June 27, 2019


The Triumph of the Literal Mind: Art and debate cannot thrive so long as irony-proof social media simpletons are shouting down anything they don't like. (DAVID MASCIOTRA, June 20, 2019, The American Conservative)

Christopher Hitchens once wrote that "the struggle for a free intelligence has always been a struggle between the ironic and literal mind." The late journalist and social critic made that argument in an essay on the fatwa against his friend, Salman Rushdie--a case with stakes that were literally life and death. And while the triumph of the literal mind over its ironic competitor in contemporary American culture has not yet wrought consequences as severe and urgent as a death warrant on the head of a novelist, it has succeeded in making public debate numbingly dull and tiresome.

In his first nonfiction book, White, a mix of memoir and cultural criticism, Bret Easton Ellis devotes several chapters to the troubling prioritization, in the arts pages of major newspapers, on cable news, and throughout insipid social media campaigns, of ideology over aesthetics. Ellis speaks from personal experience, recalling his own confrontation with an asinine mob of ideologues after he had the audacity to criticize two recent films of liberal folklore, Moonlight and Black Panther. Ellis is careful to note that he both commended and condemned aspects of each film. Yet millions of people on Twitter refused to settle for anything less than worshipful adoration.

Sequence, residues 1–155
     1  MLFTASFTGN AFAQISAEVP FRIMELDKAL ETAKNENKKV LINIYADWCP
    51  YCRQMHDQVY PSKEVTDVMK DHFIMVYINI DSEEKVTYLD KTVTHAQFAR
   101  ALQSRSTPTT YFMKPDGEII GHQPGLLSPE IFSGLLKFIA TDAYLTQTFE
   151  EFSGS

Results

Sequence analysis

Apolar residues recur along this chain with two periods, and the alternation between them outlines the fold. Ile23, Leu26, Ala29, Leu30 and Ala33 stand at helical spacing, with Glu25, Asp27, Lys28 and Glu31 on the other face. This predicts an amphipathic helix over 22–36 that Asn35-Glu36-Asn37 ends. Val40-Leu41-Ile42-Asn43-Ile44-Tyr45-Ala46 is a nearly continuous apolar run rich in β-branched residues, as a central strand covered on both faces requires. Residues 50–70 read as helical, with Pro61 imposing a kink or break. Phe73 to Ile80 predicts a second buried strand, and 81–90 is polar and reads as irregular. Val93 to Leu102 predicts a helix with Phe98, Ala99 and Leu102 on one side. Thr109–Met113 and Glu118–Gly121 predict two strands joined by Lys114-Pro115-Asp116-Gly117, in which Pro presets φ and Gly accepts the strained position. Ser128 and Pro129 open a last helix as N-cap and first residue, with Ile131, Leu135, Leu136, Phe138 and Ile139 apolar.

For Ellis, who has worked on several Hollywood films, aesthetics and artistry are more important than allegory and ideology. He explains that he prefers "genre films" over "message movies." The debate regarding the social function of art dates back thousands of years, and presents a fascinating opportunity to discuss the fusion of philosophy, art history, and sociology. Most people likely fall somewhere between the two camps--not crude Marxists or religious fundamentalists who demand that art adhere to dogma, but also not libertines who rank mastery of form over all cultural considerations.

Yet the conversation about aesthetic versus ideology is no longer one that can take place in American public discourse. It appears to have become the duty, and reflexive response, of the pundit to moralize, and in doing so, to destroy nuance with political absolutism.

When Ellis recently appeared at the Commonwealth Club to discuss his new book with New York Times journalist Nellie Bowles, the audience actually gasped and booed when he said, "I didn't really like Moonlight." It is worth noting, perhaps, that Ellis is gay. Bowles then asked, "Who are you to decide what is good and bad art?" Ellis reacted with genuine bafflement at the question. "It is for all of us to decide, and I'm a critic," he cried to deaf ears.

There's nothing funnier than tweaking literal mindedness.

Posted by at June 27, 2019 7:32 PM